Several others have echoed Newman's sentiment, with many wanting to ditch the plates. For them, their concerns are twofold: competition and safety, with Dennis Setzer's wreck into the turn 3 wall in the Nationwide race the latest ugly incident where a car's gone airborne in 'Dega's final laps.

Is there a way to make everyone happy? Fans try to come up with them all the time ...

If NASCAR wants to keep the speeds down, they should force some body change for these tracks that would make the cars slower and leave the engines alone. Since every team has "special" cars for the Daytona and Talladega races, it wouldn't be difficult for them to use the superspeedway body for those cars. Perhaps the cars would feel more "natural" in that they would have a more even response throughout their power range, but would be slower because their new bodies would restrict them.

Maybe that would silence everyone, and we can get back to focusing on racing?

-- Tom Leonard, Holly Springs, N.C.

Sorry, Tom, it wouldn't work. The whole problem with restrictor plates is the cars are running too slow; they don't have to touch the brake throughout Talladega's 500 miles, making them all run wide open, equipped with equal horsepower so they're unable to pull away from each other.

In truth, the only solution is to make the cars fast enough they'd have to lift in the corners. But no plate means the cars are running 230 miles an hour, not 200, creating a whole different set of safety concerns. You could also tear down Talladega and rebuild it, but you're talking millions in renovations for a sport that's not exactly overflowing with extra cash right now. Plus, the racing isn't going to automatically produce the type of side-by-side, heart-pumping action that leaves fans begging for more. Combine that with the ratings increase, and there's no way this package is getting touched anytime soon.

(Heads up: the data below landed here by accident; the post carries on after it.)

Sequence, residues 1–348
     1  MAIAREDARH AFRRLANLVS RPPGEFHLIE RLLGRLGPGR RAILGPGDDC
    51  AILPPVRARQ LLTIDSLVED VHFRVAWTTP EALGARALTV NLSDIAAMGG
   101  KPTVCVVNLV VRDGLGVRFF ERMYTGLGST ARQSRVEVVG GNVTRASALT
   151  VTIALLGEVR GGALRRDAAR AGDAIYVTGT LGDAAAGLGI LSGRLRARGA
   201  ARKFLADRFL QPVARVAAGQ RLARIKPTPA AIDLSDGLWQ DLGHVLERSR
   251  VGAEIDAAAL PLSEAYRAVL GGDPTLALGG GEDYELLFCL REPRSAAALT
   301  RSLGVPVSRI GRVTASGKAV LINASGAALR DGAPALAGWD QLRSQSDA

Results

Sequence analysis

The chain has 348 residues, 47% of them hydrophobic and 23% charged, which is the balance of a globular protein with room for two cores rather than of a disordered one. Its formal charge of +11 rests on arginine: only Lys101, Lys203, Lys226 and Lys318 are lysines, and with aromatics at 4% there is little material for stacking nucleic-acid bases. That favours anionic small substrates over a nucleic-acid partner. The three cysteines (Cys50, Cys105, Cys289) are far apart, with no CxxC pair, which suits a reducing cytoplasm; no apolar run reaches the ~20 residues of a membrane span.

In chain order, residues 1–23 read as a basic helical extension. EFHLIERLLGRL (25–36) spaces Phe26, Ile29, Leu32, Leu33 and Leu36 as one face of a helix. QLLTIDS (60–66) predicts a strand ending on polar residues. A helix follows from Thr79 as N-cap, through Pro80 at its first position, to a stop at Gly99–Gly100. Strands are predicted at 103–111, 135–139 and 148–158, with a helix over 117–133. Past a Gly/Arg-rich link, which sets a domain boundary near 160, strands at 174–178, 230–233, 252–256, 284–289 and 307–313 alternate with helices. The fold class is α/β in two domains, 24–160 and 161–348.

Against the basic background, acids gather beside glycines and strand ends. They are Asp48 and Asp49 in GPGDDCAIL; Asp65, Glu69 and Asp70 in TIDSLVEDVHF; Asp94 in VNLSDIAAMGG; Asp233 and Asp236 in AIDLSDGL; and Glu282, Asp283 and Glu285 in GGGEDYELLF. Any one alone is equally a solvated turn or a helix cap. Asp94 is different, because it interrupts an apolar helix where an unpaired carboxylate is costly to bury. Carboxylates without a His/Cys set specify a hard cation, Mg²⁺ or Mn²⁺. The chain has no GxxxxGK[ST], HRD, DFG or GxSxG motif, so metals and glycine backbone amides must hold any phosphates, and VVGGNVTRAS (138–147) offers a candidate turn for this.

So for those who share my opinion on these races, find comfort in the fact there's only two Talladega races a year (and four plate ones overall). Every time we have them, just join me in taking a little extra TUMS, then keep your fingers crossed and wait patiently for that 5-minute payoff at the finish -- while hoping no one gets killed in the process.

In your column on Monday you blame Dale Jr. for missing an opportunity. All day, he worked with different drivers. He would push them around the track, then they would dump him. He tried to work with Tony [Stewart] at the end and he dumped him also. Junior does all the giving, and the drivers he works with do all the taking. He is still the best driver at a plate track, but with the 3 GWCs the best car usually doesn't win. Then, you have the drivers who hang out at the back like cowards and only show their face at the end. Not a man among them.

-- Denise, Dallas, Texas